Canadian DMCA Tabled – File-sharers Could Get Fined $500 Per Infringement

It was one of the much anticipated and much feared bills for digital rights activists. Now, at the last possible moment in the session of parliament, activists worst fears were realized as Jim Prentice tabled Bill C-61 which is dubbed ‘The Canadian DMCA’

The Canadian DMCA (Digital Millennium Copyright Act) got its name out of fears that the new copyright bill, which would amend the copyright act, would be modeled after the DMCA in the United States. The DMCA is very frequently pointed at for allowing the Recording Music Industry Association of America to sue thousands of American citizens and threaten thousands of college students for alleged copyright infringement.

Bill C-61 was tabled today and, as the nickname suggests, is modeled after the American DMCA. One of the major criticisms for the DMCA in Canada was the fact that the person who created the DMCA said that the DMCA was a failure. It’s now come to fruition that the Conservative party, the governing party in Canada currently, very likely ignored these criticisms and went ahead and tabled a copyright reform bill that is modeled after the DMCA anyway.

This isn’t the first time that DMCA-type legislation was tabled. Back in 2005, Bill C-60 was tabled by the Liberal party in Canada who was, back then, the governing party of Canada. Like the bill today, the copyright bill in 2005 was also modeled after the DMCA. The bill died on the order-paper when an election was called after the fall of the minority government.

There was attempts by the Conservative party to table copyright reform towards the end of 2007, but the fast growth of Fair Copyright for Canada among other things caused the party to panic and pull the legislation off the table. The movement didn’t stop there as Jim Prentice was later surrounded by protesters in his riding as this video shows:

While we are currently analyzing the bill, university law professor Michael Geist is offering a preliminary analysis of the bill. Here are some highlights he offers:

2. The digital lock provisions are worse than the DMCA. Yes – worse. The law creates a blanket prohibition on circumvention with very limited exceptions and creates a ban against distributing the tools that can be used to circumvent. While Prentice could have adopted a more balanced approach (as New Zealand and Canada’s Bill C-60 did), the effect of these provisions will be to make Canadians infringers for a host of activities that are common today including watching out-of-region-coded DVDs, copying and pasting materials from a DRM’d book, or even unlocking a cellphone.

While that is the similar to the U.S. law, the exceptions are worse. The Canadian law includes a few limited exceptions for privacy, encryption research, interoperable computer programs, people with sight disabilities, and security, yet Canadians can’t actually use these exceptions since the tools needed to pick the digital lock in order to protect their privacy are banned. In other words, check the fine print again – you can protect your privacy but the tools to do so are now illegal. Dig deeper and it gets worse. Under the U.S. law, there is mandatory review process every three years to identify new exceptions. Under the Canadian law, its up to the government to introduce new exceptions if it thinks it is needed. Overall, these anti-circumvention provisions go far beyond what is needed to comply with the WIPO Internet treaties and represents an astonishing abdication of the principles of copyright balance that have guided Canadian policy for many years.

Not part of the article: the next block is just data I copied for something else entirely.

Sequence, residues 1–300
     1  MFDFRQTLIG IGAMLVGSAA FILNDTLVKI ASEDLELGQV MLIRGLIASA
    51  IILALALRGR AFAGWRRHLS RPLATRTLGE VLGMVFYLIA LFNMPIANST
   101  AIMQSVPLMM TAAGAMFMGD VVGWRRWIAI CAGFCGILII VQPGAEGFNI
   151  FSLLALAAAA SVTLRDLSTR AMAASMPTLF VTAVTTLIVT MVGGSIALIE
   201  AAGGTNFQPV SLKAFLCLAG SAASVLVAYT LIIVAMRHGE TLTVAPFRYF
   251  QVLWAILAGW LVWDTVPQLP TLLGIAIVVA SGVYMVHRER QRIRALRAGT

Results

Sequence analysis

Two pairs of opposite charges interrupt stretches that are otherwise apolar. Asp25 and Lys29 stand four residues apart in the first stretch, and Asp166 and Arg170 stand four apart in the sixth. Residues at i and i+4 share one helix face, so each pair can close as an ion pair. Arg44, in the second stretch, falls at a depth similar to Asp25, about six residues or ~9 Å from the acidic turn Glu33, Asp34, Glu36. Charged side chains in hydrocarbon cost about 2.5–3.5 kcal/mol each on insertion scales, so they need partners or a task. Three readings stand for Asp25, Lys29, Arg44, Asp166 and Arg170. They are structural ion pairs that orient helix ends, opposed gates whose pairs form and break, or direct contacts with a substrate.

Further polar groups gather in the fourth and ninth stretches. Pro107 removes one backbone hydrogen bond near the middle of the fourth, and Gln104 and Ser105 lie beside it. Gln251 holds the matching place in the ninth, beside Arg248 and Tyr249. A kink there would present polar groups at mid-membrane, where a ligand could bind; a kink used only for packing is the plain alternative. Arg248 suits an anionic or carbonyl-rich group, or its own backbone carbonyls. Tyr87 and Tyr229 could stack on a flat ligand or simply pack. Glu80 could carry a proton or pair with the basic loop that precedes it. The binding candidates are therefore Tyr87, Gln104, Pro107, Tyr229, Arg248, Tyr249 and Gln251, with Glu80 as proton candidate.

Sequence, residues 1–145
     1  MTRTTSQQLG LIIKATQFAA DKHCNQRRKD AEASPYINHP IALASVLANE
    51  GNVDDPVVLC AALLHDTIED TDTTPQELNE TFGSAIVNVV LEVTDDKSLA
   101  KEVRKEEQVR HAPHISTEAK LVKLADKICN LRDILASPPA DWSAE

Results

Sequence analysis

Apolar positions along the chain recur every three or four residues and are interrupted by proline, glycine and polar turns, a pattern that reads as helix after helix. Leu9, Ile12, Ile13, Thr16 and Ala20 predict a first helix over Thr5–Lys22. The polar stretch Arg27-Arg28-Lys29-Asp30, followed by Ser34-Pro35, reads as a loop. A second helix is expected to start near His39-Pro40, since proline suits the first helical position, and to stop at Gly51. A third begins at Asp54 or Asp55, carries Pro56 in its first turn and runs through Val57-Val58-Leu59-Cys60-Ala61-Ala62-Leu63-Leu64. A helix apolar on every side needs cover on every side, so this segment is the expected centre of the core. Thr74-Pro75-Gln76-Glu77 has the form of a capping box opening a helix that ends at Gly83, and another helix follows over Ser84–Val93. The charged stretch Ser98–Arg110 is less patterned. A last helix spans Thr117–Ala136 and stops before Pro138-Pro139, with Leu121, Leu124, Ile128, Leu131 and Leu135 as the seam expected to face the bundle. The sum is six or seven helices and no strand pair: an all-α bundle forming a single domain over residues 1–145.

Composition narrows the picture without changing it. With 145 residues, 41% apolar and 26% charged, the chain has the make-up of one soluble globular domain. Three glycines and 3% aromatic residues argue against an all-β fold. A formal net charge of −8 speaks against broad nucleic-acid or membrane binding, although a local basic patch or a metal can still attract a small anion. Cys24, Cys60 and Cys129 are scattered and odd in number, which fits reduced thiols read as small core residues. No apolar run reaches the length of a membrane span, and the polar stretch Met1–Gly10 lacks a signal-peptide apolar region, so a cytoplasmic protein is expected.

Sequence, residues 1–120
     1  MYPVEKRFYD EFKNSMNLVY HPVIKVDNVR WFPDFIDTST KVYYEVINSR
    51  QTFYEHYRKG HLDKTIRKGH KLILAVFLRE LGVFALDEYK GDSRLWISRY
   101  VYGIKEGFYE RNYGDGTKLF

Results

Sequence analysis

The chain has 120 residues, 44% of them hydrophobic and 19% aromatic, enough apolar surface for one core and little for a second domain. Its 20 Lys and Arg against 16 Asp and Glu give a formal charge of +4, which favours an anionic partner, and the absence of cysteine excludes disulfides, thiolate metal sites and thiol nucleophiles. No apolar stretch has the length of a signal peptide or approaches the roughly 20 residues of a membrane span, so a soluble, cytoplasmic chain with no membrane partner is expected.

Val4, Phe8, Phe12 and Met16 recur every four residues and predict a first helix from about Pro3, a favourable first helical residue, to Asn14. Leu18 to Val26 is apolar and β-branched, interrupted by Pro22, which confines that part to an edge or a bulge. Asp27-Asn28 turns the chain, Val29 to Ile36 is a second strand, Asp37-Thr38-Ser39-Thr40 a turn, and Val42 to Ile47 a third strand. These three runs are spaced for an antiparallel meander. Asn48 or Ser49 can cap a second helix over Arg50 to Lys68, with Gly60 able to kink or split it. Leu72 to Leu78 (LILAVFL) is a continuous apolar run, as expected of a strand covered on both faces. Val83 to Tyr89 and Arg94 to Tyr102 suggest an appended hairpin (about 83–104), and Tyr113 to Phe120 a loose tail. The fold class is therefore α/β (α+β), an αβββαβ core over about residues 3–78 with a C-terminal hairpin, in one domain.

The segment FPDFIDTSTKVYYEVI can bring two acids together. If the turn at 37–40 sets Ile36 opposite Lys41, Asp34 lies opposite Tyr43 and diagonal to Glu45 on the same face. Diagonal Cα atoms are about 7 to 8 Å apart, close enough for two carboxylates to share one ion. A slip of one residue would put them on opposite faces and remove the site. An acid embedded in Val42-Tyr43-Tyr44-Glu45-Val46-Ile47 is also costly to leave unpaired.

3. The other headline grabber is the $500 fine for private use infringement. This will be heralded as a reasonable compromise, but check the fine print. Canadian law already allows a court to order damages below $500 per infringement, so the change may not be as dramatic as expected (though $500 in damages is the maximum for private use infringement). Moreover, it is already arguably legal to download sound recordings in Canada. Under the proposal, there are exceptions for uploading or posting music online (ie. making available) and even the suggestion that posting a copyright-protected work to YouTube could result in the larger $20,000 per infringement damage award.

5. The education community received several provisions that are largely gutted by the fine print. For example, library materials can be distributed in electronic form, but must not extend beyond five days. In other words, it turns librarians into locksmiths. Moreover, there is an Internet exception that educators wanted but it does not apply for any works that are either password protected or include a notification that they cannot be used. In other words, online materials that are available under a Creative Commons license are fair game (as they are already), but most everything else is still potentially subject to a restriction. This was precisely what many feared – rather than pursuing the far superior expansion of fair dealing, the education community got a provision that does little to enhance classroom learning.

While this will no doubt become a flash point for hot debate, we here at ZeroPaid will be conducting some analysis of our own in the coming articles on this topic.